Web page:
National heritage secretary Virginia Bottomley today pledged to act as a champion for volunteering and voluntary organisations.
Speaking at the Charity Directors' Network Dinner in London, Mrs Bottomley was announcing the publication of the government's response to the report of the Deakin Commission on the Future of the Voluntary Sector.
Mrs Bottomley said:
'The Deakin report is a thoughtful, considered document. There is much to agree with in it. I am pleased to publish the government's detailed response as a further contribution to this important debate.
'Some recommendations are addressed directly to me and to my department. The report urged me to 'raise the voltage' within Whitehall in relation to volunteering and voluntary organisations. I believe my department is in a strong position to do just that. Since taking on responsibility for voluntary organisations and volunteering earlier this year, I have chaired two meetings of the Ministerial Group on Volunteering and the Voluntary Sector. Discussions in the Ministerial Group in July and October were important in determining the shape of this response.
'The report proposed a 'concordat' between government and voluntary organisations to promote good relations. I support the aim of encouraging good practice and better understanding of the roles and responsibilities of government and voluntary organisations. However, the term 'concordat' seems to imply a more rigid relationship than is appropriate, given the diverse and dynamic nature of voluntary organisations.
'Co-operation is the key to ensuring a dynamic future for the voluntary sector. The response to the report also records the government's support for many of the recommendations addressed to other key participants: to local government, to business and to voluntary organisations and intermediary bodies.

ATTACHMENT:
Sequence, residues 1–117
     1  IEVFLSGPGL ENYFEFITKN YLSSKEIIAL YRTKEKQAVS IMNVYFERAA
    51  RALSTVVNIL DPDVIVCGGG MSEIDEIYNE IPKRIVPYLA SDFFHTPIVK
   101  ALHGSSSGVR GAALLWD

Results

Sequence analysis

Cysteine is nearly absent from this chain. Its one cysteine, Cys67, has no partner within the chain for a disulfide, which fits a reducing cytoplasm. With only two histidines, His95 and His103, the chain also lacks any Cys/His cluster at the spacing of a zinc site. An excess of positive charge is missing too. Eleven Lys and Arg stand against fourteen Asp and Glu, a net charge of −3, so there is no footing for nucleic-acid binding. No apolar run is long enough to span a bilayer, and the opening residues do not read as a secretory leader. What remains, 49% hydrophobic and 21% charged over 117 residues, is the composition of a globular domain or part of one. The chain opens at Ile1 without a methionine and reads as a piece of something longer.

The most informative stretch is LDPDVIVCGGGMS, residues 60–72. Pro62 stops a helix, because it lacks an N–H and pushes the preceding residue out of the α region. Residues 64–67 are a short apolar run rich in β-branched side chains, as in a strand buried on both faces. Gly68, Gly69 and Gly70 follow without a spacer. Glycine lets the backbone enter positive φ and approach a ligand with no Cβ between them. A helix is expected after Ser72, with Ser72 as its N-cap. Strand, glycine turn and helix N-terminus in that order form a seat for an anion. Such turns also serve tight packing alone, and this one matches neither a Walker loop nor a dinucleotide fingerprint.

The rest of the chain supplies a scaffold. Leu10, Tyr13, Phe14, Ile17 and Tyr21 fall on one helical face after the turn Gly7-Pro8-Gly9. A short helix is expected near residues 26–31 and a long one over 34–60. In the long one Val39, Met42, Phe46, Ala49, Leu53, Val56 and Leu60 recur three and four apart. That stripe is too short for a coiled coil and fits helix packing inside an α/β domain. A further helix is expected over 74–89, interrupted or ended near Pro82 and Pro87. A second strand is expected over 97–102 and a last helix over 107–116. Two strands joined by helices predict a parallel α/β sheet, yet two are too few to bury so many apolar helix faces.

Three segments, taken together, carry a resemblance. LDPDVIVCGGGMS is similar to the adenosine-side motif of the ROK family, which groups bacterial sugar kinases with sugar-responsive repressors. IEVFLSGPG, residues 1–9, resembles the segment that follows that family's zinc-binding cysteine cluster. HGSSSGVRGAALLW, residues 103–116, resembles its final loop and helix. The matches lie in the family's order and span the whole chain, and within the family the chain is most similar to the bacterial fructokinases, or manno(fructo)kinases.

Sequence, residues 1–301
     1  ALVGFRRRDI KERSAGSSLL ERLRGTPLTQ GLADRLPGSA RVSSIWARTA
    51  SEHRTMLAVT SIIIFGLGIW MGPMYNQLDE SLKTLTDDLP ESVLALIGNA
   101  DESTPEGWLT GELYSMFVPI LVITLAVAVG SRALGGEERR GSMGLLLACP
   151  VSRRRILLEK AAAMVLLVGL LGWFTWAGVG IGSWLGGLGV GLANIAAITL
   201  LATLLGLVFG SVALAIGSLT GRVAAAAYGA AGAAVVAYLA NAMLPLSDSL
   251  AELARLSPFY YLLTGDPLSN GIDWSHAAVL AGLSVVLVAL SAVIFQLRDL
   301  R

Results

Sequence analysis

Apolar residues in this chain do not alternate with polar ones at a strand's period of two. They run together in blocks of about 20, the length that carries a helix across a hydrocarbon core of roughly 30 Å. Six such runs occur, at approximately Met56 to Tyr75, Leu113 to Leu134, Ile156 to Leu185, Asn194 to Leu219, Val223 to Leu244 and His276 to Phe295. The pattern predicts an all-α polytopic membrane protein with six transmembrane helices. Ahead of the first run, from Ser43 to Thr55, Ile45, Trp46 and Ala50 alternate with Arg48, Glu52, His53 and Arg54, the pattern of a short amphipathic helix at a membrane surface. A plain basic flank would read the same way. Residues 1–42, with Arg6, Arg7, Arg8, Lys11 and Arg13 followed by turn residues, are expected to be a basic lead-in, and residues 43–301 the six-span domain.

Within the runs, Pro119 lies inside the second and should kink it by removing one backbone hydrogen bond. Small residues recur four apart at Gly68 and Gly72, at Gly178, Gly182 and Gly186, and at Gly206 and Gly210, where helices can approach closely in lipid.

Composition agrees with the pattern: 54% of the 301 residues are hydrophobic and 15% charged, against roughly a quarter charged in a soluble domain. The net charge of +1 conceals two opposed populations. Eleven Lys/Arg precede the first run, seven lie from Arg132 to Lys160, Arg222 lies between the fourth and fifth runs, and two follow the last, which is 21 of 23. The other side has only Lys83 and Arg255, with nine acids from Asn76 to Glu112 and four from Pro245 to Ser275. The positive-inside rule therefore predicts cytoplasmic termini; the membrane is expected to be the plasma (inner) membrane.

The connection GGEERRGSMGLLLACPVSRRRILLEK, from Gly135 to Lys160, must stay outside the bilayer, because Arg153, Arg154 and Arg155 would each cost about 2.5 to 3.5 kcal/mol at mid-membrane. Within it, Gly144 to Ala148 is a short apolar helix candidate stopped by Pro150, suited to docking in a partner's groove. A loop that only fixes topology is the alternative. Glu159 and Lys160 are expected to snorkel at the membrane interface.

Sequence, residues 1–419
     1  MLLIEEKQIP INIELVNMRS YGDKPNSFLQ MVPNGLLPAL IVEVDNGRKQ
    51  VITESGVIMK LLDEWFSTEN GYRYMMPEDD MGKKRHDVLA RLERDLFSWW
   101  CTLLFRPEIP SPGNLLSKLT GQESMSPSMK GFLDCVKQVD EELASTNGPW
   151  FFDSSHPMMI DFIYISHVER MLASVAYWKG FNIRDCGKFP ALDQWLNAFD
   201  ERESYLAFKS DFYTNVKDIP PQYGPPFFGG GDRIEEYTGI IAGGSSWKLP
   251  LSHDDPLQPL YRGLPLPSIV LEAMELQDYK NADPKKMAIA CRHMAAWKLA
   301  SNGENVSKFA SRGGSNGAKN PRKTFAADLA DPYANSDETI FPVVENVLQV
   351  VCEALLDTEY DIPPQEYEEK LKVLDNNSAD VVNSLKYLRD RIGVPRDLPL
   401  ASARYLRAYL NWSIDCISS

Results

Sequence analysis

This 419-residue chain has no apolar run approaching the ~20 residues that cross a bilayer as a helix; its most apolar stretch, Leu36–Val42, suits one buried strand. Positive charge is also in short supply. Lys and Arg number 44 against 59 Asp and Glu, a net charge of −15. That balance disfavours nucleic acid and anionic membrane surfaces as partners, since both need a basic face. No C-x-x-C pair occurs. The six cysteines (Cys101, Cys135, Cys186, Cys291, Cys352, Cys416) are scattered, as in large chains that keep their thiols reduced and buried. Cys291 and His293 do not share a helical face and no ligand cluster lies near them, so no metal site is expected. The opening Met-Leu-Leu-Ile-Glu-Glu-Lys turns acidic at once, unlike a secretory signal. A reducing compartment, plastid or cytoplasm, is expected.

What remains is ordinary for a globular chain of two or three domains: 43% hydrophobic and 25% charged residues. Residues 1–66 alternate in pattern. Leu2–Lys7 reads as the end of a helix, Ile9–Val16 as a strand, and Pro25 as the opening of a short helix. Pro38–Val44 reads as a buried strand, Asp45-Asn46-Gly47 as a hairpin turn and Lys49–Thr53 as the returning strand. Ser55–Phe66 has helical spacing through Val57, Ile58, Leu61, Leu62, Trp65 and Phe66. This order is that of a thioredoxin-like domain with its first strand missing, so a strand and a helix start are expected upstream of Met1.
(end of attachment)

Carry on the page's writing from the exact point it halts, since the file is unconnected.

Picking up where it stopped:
'The health of the voluntary sector is closely bound up with that of the nation's entire social fabric. It must be nurtured and encouraged to grow and prosper. I am committed to using the resources at my disposal to act as a catalyst in this process.'
The Deakin Report recommended that there should be extensive public debate leading to a redefinition of the term charity, based on the concept of public benefit. It also proposed a voluntary sector Law Commissioner to keep aspects of voluntary sector law under review and an independent Charity Appeal Tribunal with powers to review decisions of the Charity Commission on the registration of charities.
The Charity Commission is to carry out a comprehensive review of the existing register ofcharities following the introduction of a new, IT-based register. The Commission has a substantial task in front of it, particulary as it is committed to promoting public discussion of the scope of charity under the existing law.
The government believes that process should be completed before deciding whether more fundamental reform is needed.
In the light of the Charity Commission's programme of review, their acknowledged expertise and the demands of the Law Commission in other areas, the government has concluded that it is not appropriate to involve the Law Commission in this process.
In parallel with this work, further consideration is to be given to finding a cheaper mechanism for clarifying the law in novel cases. However the government doubts whether a Charity Appeal Tribunal is the answer, without a major revision of the procedures of the courts.
The report did not focus in any detail on volunteering. It did however endorse the government's efforts to broaden the base of volunteering, and in particular to involve young people, while emphasising that in extending volunteering opportunities the principle of free choice must not be compromised. The government response acknowledges the importance of maintaining this freedom of choice.
The report praised the work of the National Lottery Charities Board (NLCB) in providing significant funding to the voluntary sector, and supported research currently in progress into the impact of the Lottery on the sector.
It made a number of recommendations about the operation of the Lottery, including a proposal that NLCB grantmaking should be more decentralised through NLCB regional structures and other regional organisations. The government response is that the board already has an appropriate level of regional input into its grant-making processes, consistent with the need for decisions on applications to be taken by board members.
The report also proposed that the case should be assessed for greater safeguards against substitution of public funds. The response states that there is no evidence that Lottery funds are being used as a substitute for public funds, and there is no need at present for an assessment.